Financial Daily from THE HINDU group of publications
Tuesday, Jan 21, 2003
Self-reliance, volumes drive TVS Motor's success
Shyam G. Menon
HOSUR, Jan. 20
THE price of self reliance is finding virtue in being second?
TVS Motor Company, which energised the domestic motorcycle market with the indigenously developed `Victor' and dispelled in the process the myth of foreign collaboration as a must for success, is one manufacturer that seems happy to enter market segments late. At least, for the present.
Following the termination of its understanding with Suzuki, the company has been selling its motorcycles under the `TVS' brand, since May 1, 2002.
The 4-stroke Victor, launched in 2001, and sustained market acceptance for the three variants of its 2-stroke Max 100, played no small role in securing TVS's place in the Indian two-wheeler market, at a time when most other players continued old ties or forged new ones with foreign manufacturers.
In 16 months since launch, the Victor has sold over 300,000 units.
However, as seen today, barring the Fiero, all other TVS motorcycles fall in the volume segment. In contrast, resident players have expanded high powered segments, like Bajaj with its Pulsar, or offered new propositions like the cruiser segment featuring Kawasaki's Eliminator and Yamaha's Enticer.
Sales in these categories are not sizable when compared to the industry's bread and butter executive segment.
Yet it has set in as a glamorous trend, the latest in such news being Kinetic's decision to import Hyosung cruisers, all of which keeps TVS apart from the pack.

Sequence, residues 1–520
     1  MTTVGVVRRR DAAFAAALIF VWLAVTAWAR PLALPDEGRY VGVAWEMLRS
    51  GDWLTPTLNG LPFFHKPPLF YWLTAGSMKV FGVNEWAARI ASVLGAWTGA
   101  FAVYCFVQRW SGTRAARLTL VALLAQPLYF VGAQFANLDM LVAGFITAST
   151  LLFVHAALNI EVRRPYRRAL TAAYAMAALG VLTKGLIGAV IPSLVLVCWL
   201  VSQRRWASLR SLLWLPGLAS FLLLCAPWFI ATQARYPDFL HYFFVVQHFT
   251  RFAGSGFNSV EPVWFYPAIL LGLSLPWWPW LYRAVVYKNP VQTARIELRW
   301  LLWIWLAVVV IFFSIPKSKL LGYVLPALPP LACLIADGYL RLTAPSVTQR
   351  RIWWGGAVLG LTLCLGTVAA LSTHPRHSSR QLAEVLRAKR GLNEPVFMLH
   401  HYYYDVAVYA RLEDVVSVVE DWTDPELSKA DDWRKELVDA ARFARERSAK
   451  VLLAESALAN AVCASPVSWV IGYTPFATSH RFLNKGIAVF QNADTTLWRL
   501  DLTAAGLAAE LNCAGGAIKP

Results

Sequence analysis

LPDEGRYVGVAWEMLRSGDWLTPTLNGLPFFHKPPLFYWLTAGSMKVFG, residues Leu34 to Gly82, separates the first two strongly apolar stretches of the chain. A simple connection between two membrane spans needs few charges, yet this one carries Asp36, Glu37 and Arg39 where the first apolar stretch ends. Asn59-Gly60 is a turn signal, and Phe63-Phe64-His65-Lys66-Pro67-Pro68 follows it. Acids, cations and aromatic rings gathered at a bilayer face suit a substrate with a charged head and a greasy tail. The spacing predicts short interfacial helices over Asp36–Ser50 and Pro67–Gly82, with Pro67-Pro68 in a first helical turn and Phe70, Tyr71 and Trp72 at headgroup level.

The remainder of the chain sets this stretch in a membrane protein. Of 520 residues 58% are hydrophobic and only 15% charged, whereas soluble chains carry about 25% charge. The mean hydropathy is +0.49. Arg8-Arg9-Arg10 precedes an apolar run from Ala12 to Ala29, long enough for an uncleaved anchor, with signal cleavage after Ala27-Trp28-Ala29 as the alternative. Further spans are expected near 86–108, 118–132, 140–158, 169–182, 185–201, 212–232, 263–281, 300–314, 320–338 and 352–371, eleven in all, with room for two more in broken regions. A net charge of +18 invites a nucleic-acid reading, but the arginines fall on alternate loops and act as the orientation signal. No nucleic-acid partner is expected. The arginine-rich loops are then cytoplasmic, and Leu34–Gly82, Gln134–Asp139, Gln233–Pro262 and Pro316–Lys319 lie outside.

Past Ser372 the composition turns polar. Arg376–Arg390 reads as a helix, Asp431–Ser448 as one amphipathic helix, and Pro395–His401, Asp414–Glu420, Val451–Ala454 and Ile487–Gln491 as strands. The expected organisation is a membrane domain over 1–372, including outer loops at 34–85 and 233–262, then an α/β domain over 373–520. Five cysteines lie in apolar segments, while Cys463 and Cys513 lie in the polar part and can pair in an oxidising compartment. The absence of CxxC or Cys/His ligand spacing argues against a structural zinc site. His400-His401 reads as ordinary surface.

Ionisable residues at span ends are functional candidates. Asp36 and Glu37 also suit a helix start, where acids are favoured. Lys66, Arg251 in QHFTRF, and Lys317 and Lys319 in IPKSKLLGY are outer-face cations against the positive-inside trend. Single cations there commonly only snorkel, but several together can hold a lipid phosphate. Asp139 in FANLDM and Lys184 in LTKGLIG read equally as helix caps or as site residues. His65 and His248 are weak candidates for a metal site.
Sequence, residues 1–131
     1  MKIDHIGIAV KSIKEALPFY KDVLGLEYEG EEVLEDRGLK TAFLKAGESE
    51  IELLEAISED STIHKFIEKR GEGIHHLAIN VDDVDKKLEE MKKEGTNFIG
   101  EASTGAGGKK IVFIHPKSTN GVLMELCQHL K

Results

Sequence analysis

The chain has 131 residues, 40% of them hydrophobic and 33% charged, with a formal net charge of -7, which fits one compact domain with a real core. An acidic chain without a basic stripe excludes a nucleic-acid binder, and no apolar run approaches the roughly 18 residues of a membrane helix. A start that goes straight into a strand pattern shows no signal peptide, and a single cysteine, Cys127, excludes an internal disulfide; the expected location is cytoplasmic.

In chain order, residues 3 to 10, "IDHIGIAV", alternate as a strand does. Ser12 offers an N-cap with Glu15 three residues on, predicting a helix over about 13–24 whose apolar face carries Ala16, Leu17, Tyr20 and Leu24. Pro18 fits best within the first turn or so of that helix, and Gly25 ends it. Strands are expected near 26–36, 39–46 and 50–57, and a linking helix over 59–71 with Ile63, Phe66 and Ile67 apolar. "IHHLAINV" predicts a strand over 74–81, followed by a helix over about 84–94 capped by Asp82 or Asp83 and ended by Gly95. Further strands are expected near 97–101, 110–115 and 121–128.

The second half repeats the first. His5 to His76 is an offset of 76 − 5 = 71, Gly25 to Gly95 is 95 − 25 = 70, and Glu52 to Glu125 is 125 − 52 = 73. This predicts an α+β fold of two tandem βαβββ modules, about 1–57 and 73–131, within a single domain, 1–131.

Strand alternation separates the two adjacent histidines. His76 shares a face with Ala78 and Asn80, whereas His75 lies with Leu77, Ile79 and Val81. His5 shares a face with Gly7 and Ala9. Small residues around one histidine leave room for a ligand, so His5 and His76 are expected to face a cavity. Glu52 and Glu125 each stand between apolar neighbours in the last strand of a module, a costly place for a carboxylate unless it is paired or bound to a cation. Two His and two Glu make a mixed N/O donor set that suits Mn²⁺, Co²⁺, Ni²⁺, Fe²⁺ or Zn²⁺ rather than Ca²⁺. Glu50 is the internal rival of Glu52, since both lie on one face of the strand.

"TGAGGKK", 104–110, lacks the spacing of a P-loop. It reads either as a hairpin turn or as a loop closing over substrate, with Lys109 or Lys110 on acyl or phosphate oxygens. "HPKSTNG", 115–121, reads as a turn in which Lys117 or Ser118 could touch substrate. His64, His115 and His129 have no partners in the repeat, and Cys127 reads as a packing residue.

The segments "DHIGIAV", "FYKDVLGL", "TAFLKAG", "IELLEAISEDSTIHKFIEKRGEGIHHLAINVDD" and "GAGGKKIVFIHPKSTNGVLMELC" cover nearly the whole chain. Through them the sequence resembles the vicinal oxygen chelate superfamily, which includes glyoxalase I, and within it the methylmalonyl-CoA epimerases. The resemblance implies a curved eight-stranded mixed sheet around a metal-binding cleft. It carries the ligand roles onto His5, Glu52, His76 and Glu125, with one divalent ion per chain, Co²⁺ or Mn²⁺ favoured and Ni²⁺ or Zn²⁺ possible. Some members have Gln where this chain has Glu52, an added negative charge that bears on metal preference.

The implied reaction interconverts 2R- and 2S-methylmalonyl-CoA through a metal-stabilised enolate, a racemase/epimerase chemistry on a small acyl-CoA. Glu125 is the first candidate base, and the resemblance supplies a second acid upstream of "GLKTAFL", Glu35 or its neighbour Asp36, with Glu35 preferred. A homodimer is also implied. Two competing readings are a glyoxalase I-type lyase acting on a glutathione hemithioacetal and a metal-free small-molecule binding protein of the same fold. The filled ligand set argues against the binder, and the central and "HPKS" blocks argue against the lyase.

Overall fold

On the plus side, TVS is widely recognised in the domestic industry as a manufacturer with strong R&D skills.
For 2003, TVS - which sees 125cc engines as the market's next centre of gravity - has lined up a new Fiero, a new Scooty, a wholly new motorcycle and variants of the Victor.
In true TVS style, despite the likelihood of a costlier version of the Victor, focus is on the brand new bike, which officials insist is "not a fringe product'' but one for volume sales.
Even the improved Fiero harbours a volume punch - it is promised to sell at the same price as today's Fiero.
Mr Venu Srinivasan, Managing Director, TVS Motor Company, who said it typically costs Rs 25 crore to develop a new bike, maintains there is logic behind the stress on volumes and TVS's desire for minimum numbers in a segment before entering it.
In fact, he wants somebody else to open up a segment, trigger the volumes and then have TVS come in - its steadily dipping lead time for developing new models catalysing the pace of entry.
"We don't have that much money. We are like AVIS. Number two, but we try hard,'' Mr Srinivasan told journalists from Mumbai visiting the company's Hosur plant, on Saturday.
That aside, numbers and sensible products, are in line with a stated TVS intent - of being a major Asian two wheeler company in the next five years. This fiscal, it had over-100,000 units monthly sales in September and October, and "may cross one million if not 1.2 million units for the full year.'' Motorcycle sales this fiscal, has been more from the urban markets.
By 2010, TVS hopes get a 12-15 per cent market share in Asia. What does this mean?
With the Chinese market estimated by then to be 20 million units-strong, that of India at 10 million units (Mr Srinivasan sees the domestic market growing at 10-12 per cent with motorcycles at 15 per cent, over the next 5-10 years) and the Asean market at 10 million units, TVS would have to be a manufacturer of 5-6 million two wheelers.
It requires hard work, including new products to meet particular market tastes. TVS is "moving towards'' appointing consultants for potential manufacturing operations in Indonesia and Vietnam, Mr Srinivasan said.
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